So, when can the world expect the next uptick in the number of free societies? The answer is, at best, a statistical one. Countries with a young-adult population of around 39 percent have a 50-50 chance of being considered "free." This "even-bet" benchmark provides a fair indication — plus or minus a decade — of the timing of stable, liberal democracy.
The first (and perhaps most surprising) region that promises a shift to liberal democracy is a cluster along Africa’s Mediterranean coast: Morocco, Algeria, Tunisia, Libya, and Egypt, none of which has experienced democracy in the recent past. The other area is in South America: Ecuador, Colombia, and Venezuela, each of which attained liberal democracy demographically "early" but was unable to sustain it. Interpreting these forecasts conservatively, we can expect there will be one, maybe two, in each group that will become stable democracies by 2020.
Of course, there are caveats. By itself, a society’s age can’t tell us, for example, which countries really are on the verge of democracy and why. This schedule can only suggest the timing of opportunities and the persistence of obstacles. There’s also another reason to be cautious — the schedule’s past performance exposes a few whopping failures, such as China, Cuba, and Russia, which should be liberalizing but are not, and Thailand, which should have held on to its liberal democracy but did not. In southern Africa, AIDS should be making states more fragile politically, but it is not.
These aren’t cause to abandon the analysis, however. In fact, its failures can be even more enlightening than its forecasts. For example, the projections hold up well in weak personal dictatorships, partial democracies, and states ruled by military "caretaker" regimes. A downward-trending young-adult proportion seems to strengthen the appeal of democrats and perhaps provides the political calm that authoritarians need to make a safe exit. However, the timetable shows that a maturing population is far too weak a phenomenon on its own to undermine strong personal dictatorships — regimes run by tough, charismatic authoritarians (what Castro was, and what Chávez would like to be). Intensely ideological one-party systems, such as China’s, look equally impervious. One might easily come to the conclusion that charismatic personal dictatorships and ideological one-party systems evolved to withstand the undercurrents of socioeconomic and demographic change.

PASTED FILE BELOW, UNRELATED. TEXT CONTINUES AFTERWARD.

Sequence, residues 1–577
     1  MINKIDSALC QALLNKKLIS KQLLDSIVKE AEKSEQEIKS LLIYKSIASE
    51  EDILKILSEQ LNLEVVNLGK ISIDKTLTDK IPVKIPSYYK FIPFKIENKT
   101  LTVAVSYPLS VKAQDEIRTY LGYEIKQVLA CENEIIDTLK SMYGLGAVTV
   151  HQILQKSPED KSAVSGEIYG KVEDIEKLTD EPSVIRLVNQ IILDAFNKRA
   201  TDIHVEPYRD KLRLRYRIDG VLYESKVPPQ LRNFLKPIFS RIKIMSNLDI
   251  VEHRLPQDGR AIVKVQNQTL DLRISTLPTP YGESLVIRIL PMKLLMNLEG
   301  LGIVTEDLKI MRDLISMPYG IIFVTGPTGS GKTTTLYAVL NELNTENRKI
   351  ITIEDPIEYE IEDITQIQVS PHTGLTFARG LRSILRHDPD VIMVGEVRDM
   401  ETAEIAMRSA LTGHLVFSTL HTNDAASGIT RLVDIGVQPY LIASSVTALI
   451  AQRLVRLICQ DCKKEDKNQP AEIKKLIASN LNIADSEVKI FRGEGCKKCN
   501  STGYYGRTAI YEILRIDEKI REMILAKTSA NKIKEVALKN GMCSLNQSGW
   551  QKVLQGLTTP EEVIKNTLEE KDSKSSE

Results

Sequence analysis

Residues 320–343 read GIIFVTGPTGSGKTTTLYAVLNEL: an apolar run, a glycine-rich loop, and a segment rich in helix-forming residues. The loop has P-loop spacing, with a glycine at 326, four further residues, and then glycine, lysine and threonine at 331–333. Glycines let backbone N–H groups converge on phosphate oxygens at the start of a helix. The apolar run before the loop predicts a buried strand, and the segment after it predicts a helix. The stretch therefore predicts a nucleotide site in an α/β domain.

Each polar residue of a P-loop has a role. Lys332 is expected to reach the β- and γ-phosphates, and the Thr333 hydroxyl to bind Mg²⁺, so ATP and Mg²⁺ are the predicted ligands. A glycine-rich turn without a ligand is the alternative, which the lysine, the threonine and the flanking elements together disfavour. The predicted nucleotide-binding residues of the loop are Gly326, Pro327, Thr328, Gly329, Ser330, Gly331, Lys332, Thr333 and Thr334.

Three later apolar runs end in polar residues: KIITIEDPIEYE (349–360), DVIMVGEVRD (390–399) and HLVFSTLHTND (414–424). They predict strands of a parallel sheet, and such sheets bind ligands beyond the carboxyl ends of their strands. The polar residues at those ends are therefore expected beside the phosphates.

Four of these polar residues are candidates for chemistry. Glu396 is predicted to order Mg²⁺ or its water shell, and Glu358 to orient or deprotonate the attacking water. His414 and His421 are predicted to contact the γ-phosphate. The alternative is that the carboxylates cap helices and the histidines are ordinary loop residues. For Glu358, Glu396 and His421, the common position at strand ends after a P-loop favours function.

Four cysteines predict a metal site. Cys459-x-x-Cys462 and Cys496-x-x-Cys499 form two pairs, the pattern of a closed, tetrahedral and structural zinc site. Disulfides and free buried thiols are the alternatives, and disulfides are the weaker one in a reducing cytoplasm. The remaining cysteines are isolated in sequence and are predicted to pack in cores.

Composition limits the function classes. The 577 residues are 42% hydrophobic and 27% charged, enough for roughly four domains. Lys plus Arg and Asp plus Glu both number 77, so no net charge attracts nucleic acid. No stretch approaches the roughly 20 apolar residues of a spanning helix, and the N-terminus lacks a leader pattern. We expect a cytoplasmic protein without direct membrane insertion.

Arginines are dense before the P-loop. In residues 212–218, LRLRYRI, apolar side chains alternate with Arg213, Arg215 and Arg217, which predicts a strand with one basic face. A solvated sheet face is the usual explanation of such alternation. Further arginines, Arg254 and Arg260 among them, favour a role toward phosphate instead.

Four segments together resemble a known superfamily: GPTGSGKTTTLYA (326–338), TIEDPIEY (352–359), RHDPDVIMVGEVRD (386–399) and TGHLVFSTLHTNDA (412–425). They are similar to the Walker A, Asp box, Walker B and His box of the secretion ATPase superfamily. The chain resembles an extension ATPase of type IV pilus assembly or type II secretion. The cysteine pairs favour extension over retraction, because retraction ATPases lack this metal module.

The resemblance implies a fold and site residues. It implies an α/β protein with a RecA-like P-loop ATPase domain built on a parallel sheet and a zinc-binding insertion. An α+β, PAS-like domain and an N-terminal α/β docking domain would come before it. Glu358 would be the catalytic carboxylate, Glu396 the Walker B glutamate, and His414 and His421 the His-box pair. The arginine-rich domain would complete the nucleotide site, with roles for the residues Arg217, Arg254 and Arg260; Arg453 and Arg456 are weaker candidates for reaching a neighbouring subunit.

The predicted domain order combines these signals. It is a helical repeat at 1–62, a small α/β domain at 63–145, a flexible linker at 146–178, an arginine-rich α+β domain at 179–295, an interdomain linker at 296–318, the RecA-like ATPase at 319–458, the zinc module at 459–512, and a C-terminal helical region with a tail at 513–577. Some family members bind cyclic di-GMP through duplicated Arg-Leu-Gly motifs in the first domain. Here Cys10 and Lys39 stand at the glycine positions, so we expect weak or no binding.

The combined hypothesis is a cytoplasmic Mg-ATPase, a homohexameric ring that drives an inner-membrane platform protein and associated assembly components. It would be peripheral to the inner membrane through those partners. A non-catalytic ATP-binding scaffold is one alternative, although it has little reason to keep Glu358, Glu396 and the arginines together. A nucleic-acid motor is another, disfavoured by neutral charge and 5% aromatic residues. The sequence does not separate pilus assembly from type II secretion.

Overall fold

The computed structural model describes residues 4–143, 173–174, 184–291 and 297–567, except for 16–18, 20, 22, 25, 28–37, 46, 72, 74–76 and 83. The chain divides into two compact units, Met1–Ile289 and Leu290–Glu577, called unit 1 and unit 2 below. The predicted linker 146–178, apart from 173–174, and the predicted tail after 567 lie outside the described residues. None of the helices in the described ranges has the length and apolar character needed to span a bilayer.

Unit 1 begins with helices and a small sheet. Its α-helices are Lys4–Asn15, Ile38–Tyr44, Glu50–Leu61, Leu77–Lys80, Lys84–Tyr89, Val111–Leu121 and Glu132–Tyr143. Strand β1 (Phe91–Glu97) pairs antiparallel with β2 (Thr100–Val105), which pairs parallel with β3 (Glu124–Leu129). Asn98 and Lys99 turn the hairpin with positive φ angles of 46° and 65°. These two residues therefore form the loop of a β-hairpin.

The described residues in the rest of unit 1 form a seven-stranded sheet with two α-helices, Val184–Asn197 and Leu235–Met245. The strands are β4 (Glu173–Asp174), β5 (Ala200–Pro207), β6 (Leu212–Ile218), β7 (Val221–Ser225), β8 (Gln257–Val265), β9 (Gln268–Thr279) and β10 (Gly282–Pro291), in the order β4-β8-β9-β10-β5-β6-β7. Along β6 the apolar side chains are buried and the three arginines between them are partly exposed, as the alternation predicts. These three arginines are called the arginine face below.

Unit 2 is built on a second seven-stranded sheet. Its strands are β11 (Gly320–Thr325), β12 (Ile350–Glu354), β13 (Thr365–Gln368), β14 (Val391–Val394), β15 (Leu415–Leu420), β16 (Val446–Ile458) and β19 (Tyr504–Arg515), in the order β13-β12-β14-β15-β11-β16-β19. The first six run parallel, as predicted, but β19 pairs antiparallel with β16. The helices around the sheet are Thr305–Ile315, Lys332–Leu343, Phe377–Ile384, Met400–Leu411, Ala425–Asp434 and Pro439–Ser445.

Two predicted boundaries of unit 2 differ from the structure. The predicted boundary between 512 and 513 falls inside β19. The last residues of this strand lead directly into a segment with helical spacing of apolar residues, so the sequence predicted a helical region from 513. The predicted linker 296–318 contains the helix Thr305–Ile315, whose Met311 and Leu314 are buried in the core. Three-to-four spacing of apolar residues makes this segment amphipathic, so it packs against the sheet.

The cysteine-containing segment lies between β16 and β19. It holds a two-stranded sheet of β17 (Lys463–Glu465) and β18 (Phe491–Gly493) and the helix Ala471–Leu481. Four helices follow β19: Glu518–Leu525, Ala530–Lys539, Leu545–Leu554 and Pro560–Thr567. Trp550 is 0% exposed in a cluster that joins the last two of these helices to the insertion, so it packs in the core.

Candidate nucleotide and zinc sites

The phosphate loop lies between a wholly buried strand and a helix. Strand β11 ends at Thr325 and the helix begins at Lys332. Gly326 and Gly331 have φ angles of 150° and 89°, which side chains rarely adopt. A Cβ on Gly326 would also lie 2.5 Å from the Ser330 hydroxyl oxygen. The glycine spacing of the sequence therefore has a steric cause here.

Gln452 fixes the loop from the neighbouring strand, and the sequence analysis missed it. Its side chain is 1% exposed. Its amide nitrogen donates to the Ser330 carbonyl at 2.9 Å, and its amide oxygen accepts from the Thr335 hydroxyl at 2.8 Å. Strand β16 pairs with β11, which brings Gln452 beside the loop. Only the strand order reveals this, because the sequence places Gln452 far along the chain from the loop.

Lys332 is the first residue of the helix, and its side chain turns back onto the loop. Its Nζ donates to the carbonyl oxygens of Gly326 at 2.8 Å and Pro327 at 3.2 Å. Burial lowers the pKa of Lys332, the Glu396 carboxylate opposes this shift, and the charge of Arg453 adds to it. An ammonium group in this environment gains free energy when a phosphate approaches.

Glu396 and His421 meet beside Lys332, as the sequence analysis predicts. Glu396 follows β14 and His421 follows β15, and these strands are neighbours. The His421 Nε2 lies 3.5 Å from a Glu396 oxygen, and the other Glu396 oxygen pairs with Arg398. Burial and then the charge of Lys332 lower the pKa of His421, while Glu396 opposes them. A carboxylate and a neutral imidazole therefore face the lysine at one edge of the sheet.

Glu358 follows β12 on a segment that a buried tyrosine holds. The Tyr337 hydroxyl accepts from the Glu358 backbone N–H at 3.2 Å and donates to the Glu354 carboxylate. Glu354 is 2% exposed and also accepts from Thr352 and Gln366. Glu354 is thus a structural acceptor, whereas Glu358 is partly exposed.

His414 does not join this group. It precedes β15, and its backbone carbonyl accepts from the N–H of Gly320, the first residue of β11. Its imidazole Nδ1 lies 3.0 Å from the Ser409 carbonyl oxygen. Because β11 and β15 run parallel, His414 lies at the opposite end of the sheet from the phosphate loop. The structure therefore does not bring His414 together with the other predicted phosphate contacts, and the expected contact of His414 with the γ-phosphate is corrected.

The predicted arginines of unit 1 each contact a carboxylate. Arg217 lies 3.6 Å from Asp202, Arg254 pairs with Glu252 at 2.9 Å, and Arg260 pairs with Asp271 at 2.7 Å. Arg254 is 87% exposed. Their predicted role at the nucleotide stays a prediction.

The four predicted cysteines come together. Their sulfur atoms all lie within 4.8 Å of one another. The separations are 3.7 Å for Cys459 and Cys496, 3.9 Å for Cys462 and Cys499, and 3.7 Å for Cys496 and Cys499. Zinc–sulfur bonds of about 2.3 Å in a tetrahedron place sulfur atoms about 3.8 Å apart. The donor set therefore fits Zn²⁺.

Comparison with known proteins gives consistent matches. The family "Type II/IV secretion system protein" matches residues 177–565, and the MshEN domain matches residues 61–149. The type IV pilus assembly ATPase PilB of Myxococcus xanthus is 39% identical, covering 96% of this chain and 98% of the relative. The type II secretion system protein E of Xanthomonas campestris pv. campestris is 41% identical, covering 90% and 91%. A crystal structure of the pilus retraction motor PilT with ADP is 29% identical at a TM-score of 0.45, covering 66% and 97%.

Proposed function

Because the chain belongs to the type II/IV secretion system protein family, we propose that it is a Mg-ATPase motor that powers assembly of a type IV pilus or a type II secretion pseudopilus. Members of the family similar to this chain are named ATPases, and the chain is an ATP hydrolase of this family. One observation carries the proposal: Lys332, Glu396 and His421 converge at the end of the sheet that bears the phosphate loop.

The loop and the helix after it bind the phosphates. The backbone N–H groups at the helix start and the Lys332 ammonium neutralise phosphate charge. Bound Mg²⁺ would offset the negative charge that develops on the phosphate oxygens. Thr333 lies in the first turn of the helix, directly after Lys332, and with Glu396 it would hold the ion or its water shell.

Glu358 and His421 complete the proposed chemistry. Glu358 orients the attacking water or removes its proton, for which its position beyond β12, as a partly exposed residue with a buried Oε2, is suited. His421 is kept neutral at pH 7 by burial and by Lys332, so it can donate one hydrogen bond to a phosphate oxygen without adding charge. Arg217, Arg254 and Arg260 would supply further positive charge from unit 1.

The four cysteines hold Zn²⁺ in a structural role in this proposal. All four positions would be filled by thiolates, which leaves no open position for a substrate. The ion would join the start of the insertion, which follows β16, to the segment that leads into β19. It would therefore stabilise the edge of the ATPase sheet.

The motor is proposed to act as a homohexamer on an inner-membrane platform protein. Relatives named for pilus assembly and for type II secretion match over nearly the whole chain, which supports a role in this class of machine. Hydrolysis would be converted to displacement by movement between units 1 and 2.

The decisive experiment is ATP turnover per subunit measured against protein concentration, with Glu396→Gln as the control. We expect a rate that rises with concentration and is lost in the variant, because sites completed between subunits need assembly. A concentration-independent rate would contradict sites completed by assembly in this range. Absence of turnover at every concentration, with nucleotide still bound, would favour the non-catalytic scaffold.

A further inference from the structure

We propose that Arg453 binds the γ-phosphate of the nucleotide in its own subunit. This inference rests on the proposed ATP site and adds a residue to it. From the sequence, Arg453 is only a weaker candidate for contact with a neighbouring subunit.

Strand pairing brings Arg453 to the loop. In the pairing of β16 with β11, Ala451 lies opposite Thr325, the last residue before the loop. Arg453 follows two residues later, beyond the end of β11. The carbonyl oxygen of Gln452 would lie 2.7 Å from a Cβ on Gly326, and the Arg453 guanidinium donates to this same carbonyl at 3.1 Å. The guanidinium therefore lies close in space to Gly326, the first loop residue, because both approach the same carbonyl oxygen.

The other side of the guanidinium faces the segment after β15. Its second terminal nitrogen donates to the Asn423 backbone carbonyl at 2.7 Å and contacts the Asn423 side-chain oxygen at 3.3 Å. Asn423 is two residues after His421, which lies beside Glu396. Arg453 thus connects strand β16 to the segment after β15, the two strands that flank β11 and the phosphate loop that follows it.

Despite its problems, though, and perhaps because of them, this demographic schedule for democracy offers a starting point for realistic discussions about where and when in the world political freedom is likely to arise and be sustained. Above all, this outlook is imbued with built-in hopefulness: The more accurate it becomes, the more certain we can be that liberal democracy is an "end state," and that as the world develops, states join a path that — though strewn with obstacles — is heading in the right direction.
For a map of the countries where young populations should decline and democracy should rise, visit ForeignPolicy.com/extras/youngdemocracy.
Daniel W. Drezner is professor of international politics at the Fletcher School of Law and Diplomacy at Tufts University and a senior editor at The National Interest. Prior to Fletcher, he taught at the University of Chicago and the University of Colorado at Boulder. Drezner has received fellowships from the German Marshall Fund of the United States, the Council on Foreign Relations, and Harvard University. He has previously held positions with Civic Education Project, the RAND Corporation, and the Treasury Department.| Daniel W. Drezner |